Work in a group, back off if you encounter a dangerous animal | Nagpur News
The 16-point advisory issued by field director Jitendra Ramgaonkar follows the murder of ranger Swati Dhumne by the tigress Maya in the central Tadoba area on November 20. line of fire and wildlife habitat management work. The concerned forester was tasked with guarding this group of workers and the RFOs were requested to provide a vehicle to assist them.
Guardsmen and van majors were told to retreat if they saw a life-threatening carnivore or new pug marks while on patrol. Officials were ordered to hand weapons to staff who have been trained to handle them.
Employees have also been urged to restrict two-wheeler traffic in the central area and now no staff will accompany NGO or forestry officials without permission from the field director or deputy director (nucleus). If staff accompany them, full responsibility for their safety will rest with the said NGO and those in charge.
Staff were also urged not to venture into Tigress Maya (T-12) territory on foot and not get out of the vehicle. STPF jaws were also instructed not to approach conflicting animals without proper planning. On June 3, TATR’s wildlife vet was seriously injured in a tiger attack in Doni after a rescue went awry.
Deputy Director (Principal) Nandkishore Kale said: âThe rehabilitation of the protection huts has been going on for 3 to 4 years. We have moved a few boxes in the margin for better monitoring. Second, instead of a beat as a unit, now a turn – which includes a group of beats – will be a unit so that work can be done in groups. There will be no compromise with protection.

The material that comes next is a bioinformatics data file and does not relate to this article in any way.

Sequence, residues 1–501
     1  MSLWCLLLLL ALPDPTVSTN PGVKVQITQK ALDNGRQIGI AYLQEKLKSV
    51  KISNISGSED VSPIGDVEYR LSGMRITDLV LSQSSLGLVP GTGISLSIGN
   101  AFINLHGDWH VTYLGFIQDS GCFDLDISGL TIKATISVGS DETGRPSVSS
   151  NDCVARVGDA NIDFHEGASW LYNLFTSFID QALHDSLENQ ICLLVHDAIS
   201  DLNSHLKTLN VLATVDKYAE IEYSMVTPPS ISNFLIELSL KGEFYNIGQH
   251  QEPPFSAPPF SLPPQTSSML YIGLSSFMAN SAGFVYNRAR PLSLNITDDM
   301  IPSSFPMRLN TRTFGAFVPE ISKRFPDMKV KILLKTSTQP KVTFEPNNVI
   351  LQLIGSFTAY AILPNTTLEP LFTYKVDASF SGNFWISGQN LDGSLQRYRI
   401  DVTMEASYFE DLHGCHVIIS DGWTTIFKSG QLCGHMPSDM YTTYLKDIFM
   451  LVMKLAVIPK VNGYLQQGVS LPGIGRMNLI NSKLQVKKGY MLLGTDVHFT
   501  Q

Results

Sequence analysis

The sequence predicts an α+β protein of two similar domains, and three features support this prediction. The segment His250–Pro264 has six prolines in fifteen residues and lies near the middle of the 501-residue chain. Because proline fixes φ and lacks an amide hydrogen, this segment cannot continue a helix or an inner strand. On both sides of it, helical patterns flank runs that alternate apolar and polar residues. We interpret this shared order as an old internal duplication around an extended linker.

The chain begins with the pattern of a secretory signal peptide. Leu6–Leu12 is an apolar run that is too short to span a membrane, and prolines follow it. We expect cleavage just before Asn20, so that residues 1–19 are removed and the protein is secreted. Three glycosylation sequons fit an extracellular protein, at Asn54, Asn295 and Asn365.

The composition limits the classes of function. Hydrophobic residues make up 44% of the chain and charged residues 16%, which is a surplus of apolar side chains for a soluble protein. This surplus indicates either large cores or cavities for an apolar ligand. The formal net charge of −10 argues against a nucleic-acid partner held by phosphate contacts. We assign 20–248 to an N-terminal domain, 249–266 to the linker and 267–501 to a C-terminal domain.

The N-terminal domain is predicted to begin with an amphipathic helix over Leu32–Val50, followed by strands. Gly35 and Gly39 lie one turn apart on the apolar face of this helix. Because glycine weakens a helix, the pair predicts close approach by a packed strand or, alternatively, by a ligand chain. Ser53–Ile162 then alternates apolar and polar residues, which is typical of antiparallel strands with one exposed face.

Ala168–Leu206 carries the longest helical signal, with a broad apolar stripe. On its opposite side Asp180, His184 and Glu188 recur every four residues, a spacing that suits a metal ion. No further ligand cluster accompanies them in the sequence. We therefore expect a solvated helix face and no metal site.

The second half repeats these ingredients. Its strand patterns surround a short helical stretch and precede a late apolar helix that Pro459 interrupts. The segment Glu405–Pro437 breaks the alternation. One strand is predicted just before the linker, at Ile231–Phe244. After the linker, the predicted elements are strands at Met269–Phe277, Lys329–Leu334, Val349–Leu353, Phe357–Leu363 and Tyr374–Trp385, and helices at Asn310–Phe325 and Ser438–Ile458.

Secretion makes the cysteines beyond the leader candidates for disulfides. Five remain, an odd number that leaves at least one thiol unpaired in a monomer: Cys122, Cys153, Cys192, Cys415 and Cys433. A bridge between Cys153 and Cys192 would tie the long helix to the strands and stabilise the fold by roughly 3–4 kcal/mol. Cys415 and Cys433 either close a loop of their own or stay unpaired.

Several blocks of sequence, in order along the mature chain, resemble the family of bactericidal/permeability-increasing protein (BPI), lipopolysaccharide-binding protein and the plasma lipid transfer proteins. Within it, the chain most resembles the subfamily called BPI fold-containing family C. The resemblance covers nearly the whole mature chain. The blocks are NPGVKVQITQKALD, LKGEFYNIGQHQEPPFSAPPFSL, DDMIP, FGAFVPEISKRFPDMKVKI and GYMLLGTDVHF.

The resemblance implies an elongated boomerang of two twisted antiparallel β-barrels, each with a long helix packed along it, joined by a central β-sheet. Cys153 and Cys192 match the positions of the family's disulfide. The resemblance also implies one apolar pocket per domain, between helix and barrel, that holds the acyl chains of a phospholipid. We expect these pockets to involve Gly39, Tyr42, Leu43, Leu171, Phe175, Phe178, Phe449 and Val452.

Bandu Dhotre, a member of the state board of directors on wildlife, said that given the unfortunate incident, the actions taken by TATR are crucial. “To counter the insecurity among the staff working with the” round “as a unit is safe. If the state is serious about avoiding such incidents in the future, all vacant positions must be filled. Of the 70 ranger post in Tadoba, 27 are vacant.
âSome points are contradictory. Relocating protective huts to sensitive areas is not advised given the threat of poaching. Relaxing patrols in itself is contrary to NTCA guidelines. Instead, more vehicles can be deployed, âsaid Gadchiroli Honorary Wildlife Custodian Uday Patel.
Patel added, âThe advisory says ‘no’ to night patrols, but management has no problem with night tourism. The department should involve like-minded people committed to saving wildlife as volunteers for the patrols. They can offer their services for free.
âWhy the tigress turned violent also needs to be investigated. The way Tadoba is stressed by VIPs and tourists has an impact on the behavior of the tiger. They have lost the fear of humans and this needs to be discovered, âPatel says.